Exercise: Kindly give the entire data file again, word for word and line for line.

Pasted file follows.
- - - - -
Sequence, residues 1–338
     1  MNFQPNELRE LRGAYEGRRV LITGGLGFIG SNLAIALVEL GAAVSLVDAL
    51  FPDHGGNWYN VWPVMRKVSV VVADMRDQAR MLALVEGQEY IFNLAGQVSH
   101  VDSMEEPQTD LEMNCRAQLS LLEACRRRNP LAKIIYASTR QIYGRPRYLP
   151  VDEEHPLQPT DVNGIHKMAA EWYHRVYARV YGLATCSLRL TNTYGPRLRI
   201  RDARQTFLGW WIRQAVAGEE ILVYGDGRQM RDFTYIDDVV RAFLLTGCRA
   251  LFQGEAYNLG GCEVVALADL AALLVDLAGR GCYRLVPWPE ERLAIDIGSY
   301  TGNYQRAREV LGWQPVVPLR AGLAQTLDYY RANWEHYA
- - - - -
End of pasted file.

Sequence, residues 1–338
     1  MNFQPNELRE LRGAYEGRRV LITGGLGFIG SNLAIALVEL GAAVSLVDAL
    51  FPDHGGNWYN VWPVMRKVSV VVADMRDQAR MLALVEGQEY IFNLAGQVSH
   101  VDSMEEPQTD LEMNCRAQLS LLEACRRRNP LAKIIYASTR QIYGRPRYLP
   151  VDEEHPLQPT DVNGIHKMAA EWYHRVYARV YGLATCSLRL TNTYGPRLRI
   201  RDARQTFLGW WIRQAVAGEE ILVYGDGRQM RDFTYIDDVV RAFLLTGCRA
   251  LFQGEAYNLG GCEVVALADL AALLVDLAGR GCYRLVPWPE ERLAIDIGSY
   301  TGNYQRAREV LGWQPVVPLR AGLAQTLDYY RANWEHYA